Archive for July 18, 2022

Monday, July 18, 2022 [Tweets] [Favorites]

OmniFocus 3.13 and Voice Control

Ken Case:

OmniFocus 3.13 provides a wide range of improvements to Omni Automation—perhaps most notably adding support for Speech Synthesis, but also a number of other improvements as well.

With these automation enhancements, OmniFocus 3.13 can now take full advantage of the new Voice Control features offered the latest iOS, iPadOS and macOS releases, delivering an incredible level of voice-driven productivity.

If you’re new to Apple’s Voice Control feature, it empowers control of a Mac, iPhone and iPad entirely with one’s voice. It isn’t Siri; it’s control. Voice Control offers an enhanced command and dictation experience, giving full access to every major function of the operating system. For someone with motor limitations, Voice Control is transformative; but one doesn’t need to have motor limitations to have it enhance the experience of using OmniFocus.

As someone without such limitations, I’m most interested in the potential for voice interactions on my iPhone, where the lack of a physical keyboard makes many tasks feel slow and plodding. I love using my iPhone—and now my Apple Watch—to create new OmniFocus actions, and I’ve long done this by using Siri to add reminders. But I postpone as much of the other stuff as possible until I’m back to my Mac because I know it will be so much easier there. That’s not ideal because a major benefit of OmniFocus is that it lets me get stuff out of my head; having to remember which changes to apply later works against that. I find myself using Siri to make new actions to remind myself to adjust other actions—because that’s easier than making the changes directly right then.

So, my hope is that I can use these new Voice Control features as sort of the equivalent to keyboard shortcuts. In theory, voice can offer quick random access to commands without having to first locate them with my eyes and then fingers. It can also work hands-free, when my fingers are otherwise occupied or in gloves.

It’s important to note the differences between VoiceOver, Voice Control, and Siri:

Voice Control lets users control the entire device with spoken commands and specialized tools, while Siri is an intelligent assistant that lets users ask for information and complete everyday tasks using natural language.

Voice Control (iOS, Mac) happens on device, and my experience is that it’s faster and more accurate than Siri, since it’s working with a much more restricted domain of commands and doesn’t need to talk to a server. You can also freely mix it with dictation so that you can navigate within an app and enter text into fields without switching between separate listening modes, though there are separate Dictation and Command modes if you prefer not to rely on this. Voice Control itself is also a mode, which is great because you don’t have to prefix every command with “Hey Siri”. You can turn on Voice Control either in Settings or by asking Siri. Once enabled, you can toggle it by saying “Wake up” or “Go to sleep.”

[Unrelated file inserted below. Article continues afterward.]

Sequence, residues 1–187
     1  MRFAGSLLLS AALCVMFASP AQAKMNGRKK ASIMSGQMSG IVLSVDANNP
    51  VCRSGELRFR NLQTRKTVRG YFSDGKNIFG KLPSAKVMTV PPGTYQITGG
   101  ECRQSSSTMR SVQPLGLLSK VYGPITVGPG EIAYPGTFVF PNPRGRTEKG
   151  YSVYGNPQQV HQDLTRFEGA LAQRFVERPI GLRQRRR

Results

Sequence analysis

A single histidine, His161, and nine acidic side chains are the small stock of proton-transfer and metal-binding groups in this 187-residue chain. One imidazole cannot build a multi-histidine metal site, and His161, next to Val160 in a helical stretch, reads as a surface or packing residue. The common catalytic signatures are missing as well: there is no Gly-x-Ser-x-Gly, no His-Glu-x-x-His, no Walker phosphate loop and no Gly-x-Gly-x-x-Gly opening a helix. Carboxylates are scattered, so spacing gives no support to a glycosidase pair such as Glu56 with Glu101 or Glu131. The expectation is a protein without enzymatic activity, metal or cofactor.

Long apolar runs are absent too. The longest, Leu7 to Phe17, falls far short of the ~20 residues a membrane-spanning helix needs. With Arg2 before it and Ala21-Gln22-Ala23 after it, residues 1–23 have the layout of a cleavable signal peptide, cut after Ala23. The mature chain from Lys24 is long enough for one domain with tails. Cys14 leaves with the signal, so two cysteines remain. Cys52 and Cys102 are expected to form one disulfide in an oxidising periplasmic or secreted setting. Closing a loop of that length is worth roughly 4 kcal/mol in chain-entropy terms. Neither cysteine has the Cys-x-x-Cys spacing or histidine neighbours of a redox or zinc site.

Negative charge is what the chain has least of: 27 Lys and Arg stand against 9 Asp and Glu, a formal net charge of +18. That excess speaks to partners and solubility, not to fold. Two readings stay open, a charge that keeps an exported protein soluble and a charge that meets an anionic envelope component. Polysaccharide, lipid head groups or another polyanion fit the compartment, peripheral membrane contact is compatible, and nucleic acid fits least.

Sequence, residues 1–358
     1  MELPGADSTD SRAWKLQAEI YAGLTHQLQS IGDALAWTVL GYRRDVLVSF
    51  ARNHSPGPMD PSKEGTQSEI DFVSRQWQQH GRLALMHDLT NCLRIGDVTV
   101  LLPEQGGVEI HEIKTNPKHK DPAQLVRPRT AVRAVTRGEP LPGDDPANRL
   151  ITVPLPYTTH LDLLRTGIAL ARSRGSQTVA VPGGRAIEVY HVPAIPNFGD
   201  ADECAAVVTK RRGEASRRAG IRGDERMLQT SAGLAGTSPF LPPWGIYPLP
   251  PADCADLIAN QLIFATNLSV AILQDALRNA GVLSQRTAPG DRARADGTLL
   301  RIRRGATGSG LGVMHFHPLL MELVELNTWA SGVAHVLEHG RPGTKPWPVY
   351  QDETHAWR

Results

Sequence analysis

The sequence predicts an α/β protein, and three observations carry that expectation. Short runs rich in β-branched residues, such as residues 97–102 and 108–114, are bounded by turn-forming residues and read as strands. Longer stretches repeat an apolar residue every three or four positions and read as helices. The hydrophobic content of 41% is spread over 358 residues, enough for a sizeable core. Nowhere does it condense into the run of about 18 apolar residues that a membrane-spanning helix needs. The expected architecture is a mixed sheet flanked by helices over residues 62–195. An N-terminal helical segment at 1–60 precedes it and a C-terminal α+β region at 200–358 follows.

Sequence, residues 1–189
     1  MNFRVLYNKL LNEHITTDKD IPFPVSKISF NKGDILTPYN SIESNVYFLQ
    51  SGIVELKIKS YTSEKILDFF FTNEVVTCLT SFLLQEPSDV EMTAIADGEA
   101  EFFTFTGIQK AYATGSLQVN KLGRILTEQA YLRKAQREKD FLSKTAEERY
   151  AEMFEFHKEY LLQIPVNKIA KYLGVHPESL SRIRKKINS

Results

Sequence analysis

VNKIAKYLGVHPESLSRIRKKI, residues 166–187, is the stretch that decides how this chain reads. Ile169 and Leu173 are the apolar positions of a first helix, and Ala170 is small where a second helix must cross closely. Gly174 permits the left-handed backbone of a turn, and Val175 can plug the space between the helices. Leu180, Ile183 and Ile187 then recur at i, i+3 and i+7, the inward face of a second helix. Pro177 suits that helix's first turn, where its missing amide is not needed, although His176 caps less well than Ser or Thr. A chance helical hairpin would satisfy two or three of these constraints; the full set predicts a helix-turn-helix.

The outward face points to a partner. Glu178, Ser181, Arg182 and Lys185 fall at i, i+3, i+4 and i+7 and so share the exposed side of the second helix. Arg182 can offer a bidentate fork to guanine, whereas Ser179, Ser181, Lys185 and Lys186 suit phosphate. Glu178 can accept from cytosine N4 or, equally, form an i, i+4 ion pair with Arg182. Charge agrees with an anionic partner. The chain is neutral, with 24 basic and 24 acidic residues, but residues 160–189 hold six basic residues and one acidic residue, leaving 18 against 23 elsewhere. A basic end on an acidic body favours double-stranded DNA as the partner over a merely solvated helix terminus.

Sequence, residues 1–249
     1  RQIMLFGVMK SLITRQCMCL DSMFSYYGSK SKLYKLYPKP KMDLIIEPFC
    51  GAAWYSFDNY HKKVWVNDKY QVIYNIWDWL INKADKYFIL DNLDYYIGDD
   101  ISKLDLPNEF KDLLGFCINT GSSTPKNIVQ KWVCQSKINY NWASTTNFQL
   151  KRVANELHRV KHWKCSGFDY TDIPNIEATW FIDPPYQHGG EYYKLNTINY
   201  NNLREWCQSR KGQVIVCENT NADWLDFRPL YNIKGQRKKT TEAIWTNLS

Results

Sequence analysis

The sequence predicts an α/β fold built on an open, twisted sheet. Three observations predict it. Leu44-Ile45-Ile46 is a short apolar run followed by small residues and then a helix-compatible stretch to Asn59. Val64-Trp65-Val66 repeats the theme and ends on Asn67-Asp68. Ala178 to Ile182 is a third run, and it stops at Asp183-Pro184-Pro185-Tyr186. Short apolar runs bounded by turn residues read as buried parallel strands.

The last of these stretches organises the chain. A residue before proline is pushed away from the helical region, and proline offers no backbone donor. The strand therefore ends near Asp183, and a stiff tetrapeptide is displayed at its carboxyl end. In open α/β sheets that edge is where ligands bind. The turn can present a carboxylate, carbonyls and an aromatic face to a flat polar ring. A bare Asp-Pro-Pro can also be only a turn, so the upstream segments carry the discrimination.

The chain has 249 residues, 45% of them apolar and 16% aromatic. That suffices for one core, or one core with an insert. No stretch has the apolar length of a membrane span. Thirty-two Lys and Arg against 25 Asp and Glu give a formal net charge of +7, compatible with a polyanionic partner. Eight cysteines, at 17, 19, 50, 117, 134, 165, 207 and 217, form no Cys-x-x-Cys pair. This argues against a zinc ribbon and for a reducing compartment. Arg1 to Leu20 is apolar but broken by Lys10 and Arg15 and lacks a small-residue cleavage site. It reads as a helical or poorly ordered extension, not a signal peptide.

The catch is that, out of the box, Voice Control only has a system-level vocabulary. You can tell it to tap a button by name or by number and dictate text into fields. But it doesn’t know about OmniFocus-specific terms such as actions, projects, or deferment dates.

iOS and macOS do, however, let you add your own custom Voice Control commands, which are akin to the old Speakable items. With this announcement, Omni has added a library of Voice Control commands that are specific to OmniFocus. And you can make your own using OmniFocus’s JavaScript API.

Installing these commands on iOS is kind of awkward. For example, if I want to defer an action for 1–7 days or until a particular day of the week, I have to click 14 links to add those individual shortcuts. Then, in Settings, I have to add a custom command for each, select the shortcut, set it to only be active in OmniFocus, and type the voice phrase to trigger it. Then, the first time I invoke the shortcut, I have to confirm that, yes, I want to allow it to access OmniFocus.

Fortunately, this setup only has to be done once, and only for the commands that you plan to use. I found it easier to add the shortcuts from my Mac and then have them sync to my iPhone via iCloud. The Voice Control setup has to be done on the iPhone itself, though. True, you can skip creating Voice Control commands because the shortcuts are automatically accessible via Siri, but I think Voice Control just works better. (In trying to group the OmniFocus shortcuts into a folder, I realized that drag and drop from the list view in Shortcuts for Mac still doesn’t work. Neither does dragging a folder to the bottom of the sidebar. And you can’t sort the shortcuts alphabetically until Ventura.)

I’d like to see Apple move Voice Control in the direction of the new App Shortcuts, so that apps could simply tell the system which custom commands they offer. It’s great that users can add their own custom commands based on shortcuts, but commands provided by the app vendor should be built into the app, and I should be able to just tap a bunch of items in a list to enable or disable them. If there’s a bug to fix, this could be done once in the app instead of requiring each customer to download an updated shortcut.

Voice Control setup works much better on macOS. There, you can import and export XML files which contain lists of commands. So, instead of installing one shortcut for each day of the week and creating a Voice Control command for each, I can just import a single file that adds all 7 commands. There’s also a giant file that adds commands for all of the menu items.